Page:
Expect 'significant movement' on housing given Liberals' campaign: Strategist
Pundits are calling it the $600 million (US$470 million) cabinet shuffle. That’s the official estimate of the cost of running a federal election that changed almost nothing in Canadian politics.
Prime Minister Justin Trudeau’s Liberal Party emerged with 158 seats, one more than in the 2019 election, with some mail-in ballots still to be counted. The Conservatives won 119, down two. The status quo prevails.
Trudeau will be forced to make some changes to his cabinet after two ministers were defeated in their districts; it’s tradition to freshen the roster after an election, anyway. But all of the people holding major economic posts kept their seats in Canada’s House of Commons.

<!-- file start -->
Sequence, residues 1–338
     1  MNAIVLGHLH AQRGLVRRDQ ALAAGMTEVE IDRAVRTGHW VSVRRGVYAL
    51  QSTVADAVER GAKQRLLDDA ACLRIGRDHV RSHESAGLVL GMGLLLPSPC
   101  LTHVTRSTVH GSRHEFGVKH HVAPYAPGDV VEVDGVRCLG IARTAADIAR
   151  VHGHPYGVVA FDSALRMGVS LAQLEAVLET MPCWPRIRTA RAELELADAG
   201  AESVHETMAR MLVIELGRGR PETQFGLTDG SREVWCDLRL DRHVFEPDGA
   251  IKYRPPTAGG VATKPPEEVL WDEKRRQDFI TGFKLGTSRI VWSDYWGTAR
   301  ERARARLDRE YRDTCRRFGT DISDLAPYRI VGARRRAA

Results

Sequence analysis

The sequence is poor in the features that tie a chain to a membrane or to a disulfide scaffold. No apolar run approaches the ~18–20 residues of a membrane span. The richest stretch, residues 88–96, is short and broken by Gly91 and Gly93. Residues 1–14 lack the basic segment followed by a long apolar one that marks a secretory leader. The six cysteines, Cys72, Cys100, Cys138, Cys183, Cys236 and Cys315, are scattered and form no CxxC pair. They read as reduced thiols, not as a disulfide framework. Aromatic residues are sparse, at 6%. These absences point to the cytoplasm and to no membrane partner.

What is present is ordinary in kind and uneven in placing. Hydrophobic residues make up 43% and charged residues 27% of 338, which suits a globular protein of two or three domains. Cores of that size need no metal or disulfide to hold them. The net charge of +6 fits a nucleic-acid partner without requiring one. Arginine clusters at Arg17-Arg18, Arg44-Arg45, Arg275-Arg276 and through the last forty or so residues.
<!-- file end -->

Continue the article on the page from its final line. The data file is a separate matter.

Finance Minister Chrystia Freeland will remain at the center of the action as Trudeau’s most reliable minister, and Industry Minister Francois-Philippe Champagne easily won his Quebec district. If he stays in that role, he’ll be responsible next year for a final decision on one of the biggest deals ever in Canada -- Rogers Communications Inc.’s proposed $20 billion telecom takeover of Shaw Communications Inc.
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